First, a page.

Saving the World With Electric Vehicles

Featured imageJust kidding. Willis Eschenbach quantifies the amount of fossil fuel usage that electric vehicles actually save in the U.S.: The Department of Energy’s Argonne National Lab has just released a study showing that in 2021, US privately-owned plugin hybrid electric vehicles (PHEVs) and electric vehicles (EVs) “saved about 690 million gallons of gasoline.” But that is a huge exaggeration because fossil fuels provide 61% of the electricity in the US »

The Daily Chart: Take Your Lithium

Featured imageJohn pointed out here yesterday the fantasy of battery storage, but here is another look at the problem. The belief that we’re going to make intermittent wind and solar power “work” by having massive amounts of battery storage depends on fantastic assumptions of future battery production. The amount of lithium—the current main ingredient of our best technology at the moment—necessary for these projections is depicted vividly here: »

Time for an Artificial Intelligence Press Secretary?

Featured imageThere’s been a lot of news in the last few weeks about how artificial intelligence bots are on the cusp of being able to write prose, poetry, and music as well as or better than humans. Color me skeptical—art is not chess—but there’s one instance I can think of where even a primitive AI system would be better than the current human being attempting the job: President Biden’s press secretary »

The Daily Chart: Wood You Believe. . .

Featured imageYou likely have seen the meme showing a lit candle with the question, “What did environmentalists use for light before candles?” Answer: “Electricity.” This quip comes back to mind with the first chart here showing that for all the talk of the growing share of “renewable” energy (meaning chiefly wind and solar), the overwhelming majority of “renewable” energy is actually hydropower (which environmentalists oppose in the U.S.—in fact many state »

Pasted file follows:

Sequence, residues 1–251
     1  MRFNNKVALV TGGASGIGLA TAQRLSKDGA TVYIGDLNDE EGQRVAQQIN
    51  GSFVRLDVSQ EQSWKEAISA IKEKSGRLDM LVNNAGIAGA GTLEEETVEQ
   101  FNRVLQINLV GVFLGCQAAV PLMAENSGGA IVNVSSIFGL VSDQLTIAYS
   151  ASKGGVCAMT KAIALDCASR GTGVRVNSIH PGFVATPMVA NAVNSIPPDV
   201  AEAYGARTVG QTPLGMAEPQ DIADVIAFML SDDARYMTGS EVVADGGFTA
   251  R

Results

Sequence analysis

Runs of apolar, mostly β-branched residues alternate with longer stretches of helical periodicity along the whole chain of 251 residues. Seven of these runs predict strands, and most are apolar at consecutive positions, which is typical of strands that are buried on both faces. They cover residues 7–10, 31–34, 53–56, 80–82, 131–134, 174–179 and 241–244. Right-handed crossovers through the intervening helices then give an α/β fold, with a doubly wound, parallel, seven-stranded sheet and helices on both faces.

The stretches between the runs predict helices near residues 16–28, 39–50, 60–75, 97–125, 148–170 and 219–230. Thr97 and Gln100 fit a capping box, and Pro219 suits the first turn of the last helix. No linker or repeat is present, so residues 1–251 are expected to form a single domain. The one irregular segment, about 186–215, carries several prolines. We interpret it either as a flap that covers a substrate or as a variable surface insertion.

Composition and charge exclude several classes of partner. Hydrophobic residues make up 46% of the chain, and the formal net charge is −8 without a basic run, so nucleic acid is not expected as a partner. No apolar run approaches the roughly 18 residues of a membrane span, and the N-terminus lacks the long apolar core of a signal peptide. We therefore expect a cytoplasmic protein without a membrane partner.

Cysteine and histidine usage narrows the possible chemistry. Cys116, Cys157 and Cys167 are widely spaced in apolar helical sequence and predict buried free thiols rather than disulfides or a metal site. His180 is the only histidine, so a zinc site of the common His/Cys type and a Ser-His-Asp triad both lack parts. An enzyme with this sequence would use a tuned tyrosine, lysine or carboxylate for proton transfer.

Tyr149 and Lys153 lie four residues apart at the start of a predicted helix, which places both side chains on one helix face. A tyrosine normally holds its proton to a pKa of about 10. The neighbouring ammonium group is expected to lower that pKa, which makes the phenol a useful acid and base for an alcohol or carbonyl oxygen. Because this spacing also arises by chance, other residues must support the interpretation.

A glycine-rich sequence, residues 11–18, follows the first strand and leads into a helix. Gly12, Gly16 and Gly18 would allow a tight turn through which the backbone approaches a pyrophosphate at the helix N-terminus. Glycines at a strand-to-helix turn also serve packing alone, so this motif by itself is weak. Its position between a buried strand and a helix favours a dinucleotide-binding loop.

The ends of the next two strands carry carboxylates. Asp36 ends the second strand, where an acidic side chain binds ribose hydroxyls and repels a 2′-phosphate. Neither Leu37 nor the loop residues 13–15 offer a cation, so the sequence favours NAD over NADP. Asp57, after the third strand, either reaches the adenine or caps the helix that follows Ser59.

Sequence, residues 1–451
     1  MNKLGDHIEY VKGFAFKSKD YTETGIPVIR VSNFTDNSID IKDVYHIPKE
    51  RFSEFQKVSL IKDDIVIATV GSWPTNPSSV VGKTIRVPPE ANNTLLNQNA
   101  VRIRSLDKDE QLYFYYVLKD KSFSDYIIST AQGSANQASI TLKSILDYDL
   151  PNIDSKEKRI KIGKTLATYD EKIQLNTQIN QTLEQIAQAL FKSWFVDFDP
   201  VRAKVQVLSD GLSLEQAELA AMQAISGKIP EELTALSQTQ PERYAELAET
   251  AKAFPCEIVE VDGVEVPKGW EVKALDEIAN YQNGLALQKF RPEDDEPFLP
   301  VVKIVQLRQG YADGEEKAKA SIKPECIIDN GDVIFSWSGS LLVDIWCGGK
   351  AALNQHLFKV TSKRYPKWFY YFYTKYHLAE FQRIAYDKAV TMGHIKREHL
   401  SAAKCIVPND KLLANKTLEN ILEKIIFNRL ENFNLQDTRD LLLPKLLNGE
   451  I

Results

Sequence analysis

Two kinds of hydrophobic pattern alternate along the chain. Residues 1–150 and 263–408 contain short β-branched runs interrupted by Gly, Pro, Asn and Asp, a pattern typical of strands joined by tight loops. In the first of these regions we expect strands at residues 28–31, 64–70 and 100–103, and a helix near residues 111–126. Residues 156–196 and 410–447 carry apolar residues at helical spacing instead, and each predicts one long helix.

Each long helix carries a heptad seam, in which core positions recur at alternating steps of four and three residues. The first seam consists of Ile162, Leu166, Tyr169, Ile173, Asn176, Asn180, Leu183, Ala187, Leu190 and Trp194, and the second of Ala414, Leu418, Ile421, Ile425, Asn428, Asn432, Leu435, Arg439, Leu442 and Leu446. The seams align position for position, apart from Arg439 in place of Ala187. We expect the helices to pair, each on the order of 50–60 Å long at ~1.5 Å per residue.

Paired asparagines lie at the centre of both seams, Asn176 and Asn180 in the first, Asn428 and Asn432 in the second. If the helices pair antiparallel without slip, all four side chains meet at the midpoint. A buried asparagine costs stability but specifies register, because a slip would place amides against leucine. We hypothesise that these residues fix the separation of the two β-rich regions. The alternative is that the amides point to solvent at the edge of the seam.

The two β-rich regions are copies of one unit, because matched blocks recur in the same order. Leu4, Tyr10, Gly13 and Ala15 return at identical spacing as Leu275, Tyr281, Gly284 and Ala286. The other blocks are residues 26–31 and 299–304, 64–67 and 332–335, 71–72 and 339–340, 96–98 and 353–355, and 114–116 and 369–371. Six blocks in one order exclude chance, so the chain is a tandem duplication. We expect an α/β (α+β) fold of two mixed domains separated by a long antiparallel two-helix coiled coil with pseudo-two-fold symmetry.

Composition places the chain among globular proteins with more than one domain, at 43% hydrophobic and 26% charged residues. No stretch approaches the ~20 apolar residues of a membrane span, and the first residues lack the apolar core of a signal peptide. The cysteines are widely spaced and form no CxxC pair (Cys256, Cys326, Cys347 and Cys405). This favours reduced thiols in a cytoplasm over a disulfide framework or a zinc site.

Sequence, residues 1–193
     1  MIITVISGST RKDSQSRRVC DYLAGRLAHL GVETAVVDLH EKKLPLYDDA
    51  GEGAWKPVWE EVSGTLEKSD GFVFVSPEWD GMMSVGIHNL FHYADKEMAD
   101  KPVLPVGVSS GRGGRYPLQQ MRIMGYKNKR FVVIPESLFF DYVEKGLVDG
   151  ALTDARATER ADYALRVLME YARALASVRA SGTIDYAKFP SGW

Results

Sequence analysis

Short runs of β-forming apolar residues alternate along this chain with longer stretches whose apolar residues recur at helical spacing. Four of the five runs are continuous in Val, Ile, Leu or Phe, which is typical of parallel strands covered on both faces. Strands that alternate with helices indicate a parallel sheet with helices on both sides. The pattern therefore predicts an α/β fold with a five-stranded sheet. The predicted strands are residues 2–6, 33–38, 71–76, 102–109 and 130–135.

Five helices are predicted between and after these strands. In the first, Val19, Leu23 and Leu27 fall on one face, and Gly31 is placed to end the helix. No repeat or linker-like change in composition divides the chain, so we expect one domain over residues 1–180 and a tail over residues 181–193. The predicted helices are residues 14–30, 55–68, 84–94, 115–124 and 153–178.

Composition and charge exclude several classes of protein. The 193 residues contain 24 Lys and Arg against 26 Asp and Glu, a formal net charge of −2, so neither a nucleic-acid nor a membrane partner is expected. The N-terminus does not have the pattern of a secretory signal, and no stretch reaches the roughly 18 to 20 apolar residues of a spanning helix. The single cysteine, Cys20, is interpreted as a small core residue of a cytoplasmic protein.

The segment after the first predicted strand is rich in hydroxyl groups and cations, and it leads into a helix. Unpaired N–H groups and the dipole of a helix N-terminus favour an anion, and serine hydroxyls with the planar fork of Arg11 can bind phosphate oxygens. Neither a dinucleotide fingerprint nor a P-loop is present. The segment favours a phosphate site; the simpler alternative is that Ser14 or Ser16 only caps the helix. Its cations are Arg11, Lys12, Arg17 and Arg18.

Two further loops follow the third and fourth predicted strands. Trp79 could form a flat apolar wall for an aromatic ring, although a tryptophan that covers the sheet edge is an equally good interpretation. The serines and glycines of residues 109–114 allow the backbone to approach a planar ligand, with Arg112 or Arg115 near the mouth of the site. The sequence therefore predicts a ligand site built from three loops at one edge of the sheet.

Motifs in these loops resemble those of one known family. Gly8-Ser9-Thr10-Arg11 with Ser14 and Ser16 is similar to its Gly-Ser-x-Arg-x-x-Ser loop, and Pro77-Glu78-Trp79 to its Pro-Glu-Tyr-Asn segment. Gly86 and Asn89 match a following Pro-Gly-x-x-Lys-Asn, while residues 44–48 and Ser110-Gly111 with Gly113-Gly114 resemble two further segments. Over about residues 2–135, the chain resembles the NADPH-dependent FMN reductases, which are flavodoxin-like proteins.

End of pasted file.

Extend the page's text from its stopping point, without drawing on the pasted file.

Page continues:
After last night

Featured imageThis is a postscript to my November 9 installment of “After last night” on this year’s midterms. • In a perfect coda to the disappointing outcome of the 2022 midterm elections, Raphael Warnock won reelection to the Senate from Georgia last night. He did it by taking 51.4 percent of the vote in his runoff against Herschel Walker for a full six-year term. Walker fell about 100,000 votes short out »

James Baker to the nth degree

Featured imageJames Baker is a key player in old Twitter’s suppression of the New York Post’s Hunter Biden laptop reporting before the 2020 election. Jonathan Turley noted his ubiquity as a player in the scandals of the past six years in “Six degrees of James Baker.” After including him in my “Notes on the Twitter Files” this morning, I now have to add this mind-boggling postscript. It never occurred to me »

Thought for the Day: John McWhorter on Woke Religion

Featured imageOne podcast I try not to miss is The Glenn Show, hosted by Brown University economist Glenn Loury, and I make a point of never missing his regular every other week guest, the Columbia linguist John McWhorter. I am slow in getting to McWhorter’s most recent book, Woke Racism: How a New Religion Has Betrayed Black America. Here’s his case that “wokery” is literally the new religion of the left: »

White House Sticks to Its Story on Twitter

Featured imageIn light of everything that has come out, does the White House think Twitter did the right thing by censoring news about Joe Biden’s corruption prior to the 2020 election? A reporter posed that question to White House spokeswoman Karine Jean-Pierre. Her response? Basically, the administration hates Twitter under the Musk regime and has nothing to say about the suppression of news that would have been damaging to Biden: If »